Ah yes, the world’s most famous concert venues: Madison Square Garden, Wembley Stadium, Carnegie Hall and … TPC Scottsdale?
Yep, in the new year, the loudest tournament in golf , the Waste Management Phoenix Open, will also become the loudest concert in golf (sorry, Chainsmokers fans). The Phoenix Thunderbirds — the charitable organization behind the tournament — has committed to building a concert venue in golf’s most raucous environment.
The venue will be constructed as part of the larger grandstand seating on TPC Scottsdale’s famed 16th hole, where thousands of golf’s rowdiest (and well-lubricated) fans congregate each year, with a couple of country music’s biggest acts scheduled to do their thing on Feb. 5, the Saturday before the event.
“We will drop a stage in the middle of the fairway and Old Dominion will open up for Thomas Rhett,” tournament chairman Michael Golding told AZ Central.
The concert follows in the mold of the PGA Tour’s strategy at the Players Championship (and other high-end tour events). At the Players, tournament organizers have worked hard to expand the fan experience well beyond a golf tournament. The goal, for organizers and the tour, is to turn events into a one-stop shop for entertainment — helping to broaden the sport’s appeal and introduce golf to new demographics.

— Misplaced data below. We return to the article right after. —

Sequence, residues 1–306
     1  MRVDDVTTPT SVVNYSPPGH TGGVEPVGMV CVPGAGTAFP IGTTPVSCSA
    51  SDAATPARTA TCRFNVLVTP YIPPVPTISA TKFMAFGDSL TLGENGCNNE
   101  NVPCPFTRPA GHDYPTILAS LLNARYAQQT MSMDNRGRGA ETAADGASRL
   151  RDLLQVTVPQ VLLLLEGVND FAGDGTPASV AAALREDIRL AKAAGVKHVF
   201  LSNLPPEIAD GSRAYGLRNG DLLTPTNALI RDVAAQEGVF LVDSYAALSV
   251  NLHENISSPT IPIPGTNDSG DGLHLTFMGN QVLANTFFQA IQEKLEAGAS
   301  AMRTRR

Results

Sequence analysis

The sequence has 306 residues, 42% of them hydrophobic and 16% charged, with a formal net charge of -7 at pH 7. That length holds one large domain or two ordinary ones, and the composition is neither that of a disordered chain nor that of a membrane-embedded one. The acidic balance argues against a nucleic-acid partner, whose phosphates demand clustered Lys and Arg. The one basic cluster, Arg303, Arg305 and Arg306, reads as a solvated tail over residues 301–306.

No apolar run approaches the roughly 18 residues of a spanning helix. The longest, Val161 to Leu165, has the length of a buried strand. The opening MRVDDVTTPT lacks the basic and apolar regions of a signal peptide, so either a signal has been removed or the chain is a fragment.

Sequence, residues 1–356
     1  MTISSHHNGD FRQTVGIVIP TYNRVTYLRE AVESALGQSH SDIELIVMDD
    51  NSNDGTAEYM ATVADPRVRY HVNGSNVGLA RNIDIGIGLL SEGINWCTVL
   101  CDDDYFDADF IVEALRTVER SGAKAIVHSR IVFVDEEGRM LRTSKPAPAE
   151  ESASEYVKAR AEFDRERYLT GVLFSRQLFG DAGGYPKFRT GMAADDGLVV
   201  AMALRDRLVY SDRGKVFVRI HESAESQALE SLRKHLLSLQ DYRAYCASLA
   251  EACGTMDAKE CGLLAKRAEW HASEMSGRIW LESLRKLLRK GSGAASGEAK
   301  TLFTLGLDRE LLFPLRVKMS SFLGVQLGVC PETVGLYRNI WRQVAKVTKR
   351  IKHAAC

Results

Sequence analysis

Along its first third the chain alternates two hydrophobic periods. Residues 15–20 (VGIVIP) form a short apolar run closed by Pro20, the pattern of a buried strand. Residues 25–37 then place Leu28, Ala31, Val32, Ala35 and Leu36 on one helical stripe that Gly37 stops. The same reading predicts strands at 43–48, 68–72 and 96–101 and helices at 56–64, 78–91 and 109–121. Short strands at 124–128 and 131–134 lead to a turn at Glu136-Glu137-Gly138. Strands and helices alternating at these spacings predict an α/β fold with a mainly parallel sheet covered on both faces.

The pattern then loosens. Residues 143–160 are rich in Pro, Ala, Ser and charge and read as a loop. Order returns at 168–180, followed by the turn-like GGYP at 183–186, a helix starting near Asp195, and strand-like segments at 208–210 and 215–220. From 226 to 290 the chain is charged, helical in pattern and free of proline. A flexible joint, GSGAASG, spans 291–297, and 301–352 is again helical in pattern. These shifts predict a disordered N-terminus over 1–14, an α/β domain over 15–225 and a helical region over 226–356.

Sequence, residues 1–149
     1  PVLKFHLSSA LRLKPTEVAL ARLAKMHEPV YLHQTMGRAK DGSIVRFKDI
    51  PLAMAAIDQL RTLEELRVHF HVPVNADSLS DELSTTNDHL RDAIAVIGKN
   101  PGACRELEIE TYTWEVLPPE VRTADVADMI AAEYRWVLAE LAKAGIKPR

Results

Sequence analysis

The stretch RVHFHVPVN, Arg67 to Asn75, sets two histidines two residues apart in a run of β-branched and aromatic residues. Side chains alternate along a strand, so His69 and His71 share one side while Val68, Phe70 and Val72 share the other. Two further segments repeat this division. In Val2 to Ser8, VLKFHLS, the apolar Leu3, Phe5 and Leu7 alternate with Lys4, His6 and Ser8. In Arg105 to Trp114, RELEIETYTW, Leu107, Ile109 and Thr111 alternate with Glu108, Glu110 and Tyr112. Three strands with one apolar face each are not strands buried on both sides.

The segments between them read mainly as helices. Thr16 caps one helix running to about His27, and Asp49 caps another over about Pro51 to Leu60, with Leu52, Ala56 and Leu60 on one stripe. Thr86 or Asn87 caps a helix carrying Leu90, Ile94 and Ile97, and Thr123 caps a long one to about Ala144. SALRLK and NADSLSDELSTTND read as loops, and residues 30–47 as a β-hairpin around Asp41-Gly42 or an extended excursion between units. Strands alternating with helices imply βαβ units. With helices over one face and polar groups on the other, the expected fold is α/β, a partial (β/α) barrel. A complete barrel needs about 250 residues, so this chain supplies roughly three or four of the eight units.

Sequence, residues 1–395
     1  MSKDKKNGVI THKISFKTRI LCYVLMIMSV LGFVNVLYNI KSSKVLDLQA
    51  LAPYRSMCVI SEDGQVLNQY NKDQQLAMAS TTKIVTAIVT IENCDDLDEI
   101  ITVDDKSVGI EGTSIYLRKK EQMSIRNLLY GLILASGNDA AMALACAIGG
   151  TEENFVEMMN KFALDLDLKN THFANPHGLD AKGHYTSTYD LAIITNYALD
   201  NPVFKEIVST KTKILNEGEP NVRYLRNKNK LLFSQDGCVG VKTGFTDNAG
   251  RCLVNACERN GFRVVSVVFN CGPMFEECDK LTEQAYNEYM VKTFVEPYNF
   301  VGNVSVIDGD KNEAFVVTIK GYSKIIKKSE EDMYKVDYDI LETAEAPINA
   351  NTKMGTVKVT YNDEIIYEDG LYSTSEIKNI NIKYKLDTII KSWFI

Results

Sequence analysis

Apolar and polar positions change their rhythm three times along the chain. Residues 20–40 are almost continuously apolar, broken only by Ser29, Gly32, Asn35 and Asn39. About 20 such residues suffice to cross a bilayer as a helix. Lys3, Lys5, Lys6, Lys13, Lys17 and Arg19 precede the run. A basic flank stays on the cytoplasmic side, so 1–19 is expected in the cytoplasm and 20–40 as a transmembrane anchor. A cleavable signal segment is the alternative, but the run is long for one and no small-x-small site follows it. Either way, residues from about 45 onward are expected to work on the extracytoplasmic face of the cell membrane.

It’s a strategy that has worked in other sports, notably Formula 1, where fans generate millions in tourism revenue on trips to follow the sport to one of its few-dozen international outposts. At the United States Grand Prix in Austin, Texas, in the fall, tickets sold out almost instantly, many with face values of $250 and up, while an influx of racing fans from out of state (and country) drove up hotel costs and snatched up reservations at local restaurants and events.
This is the sort of virtuous cycle the PGA Tour believes can be created with golf’s biggest events. The Phoenix Open is perhaps the best example of that success — a February Tour event that now draws many of the game’s best players and daily crowds, on some days, of more than 200,000.
There are, of course, serious obstacles in reaching that ultimate goal on two levels. Broadly, The tour’s oversaturated schedule and issues with its on-course product are sticking points. More narrowly, there’s the bad taste lingering among golf fans after a pre-Players Championship concert, in March 2020, became an Internet punchline for superspreader events. These are real issues, and in the likely event pandemic concerns press into February, they’re issues the PGA Tour will have to acknowledge. But it’s hard to criticize golf’s stakeholders for investing in the sport’s entertainment value, and harder still to argue their efforts in doing so are a bad idea.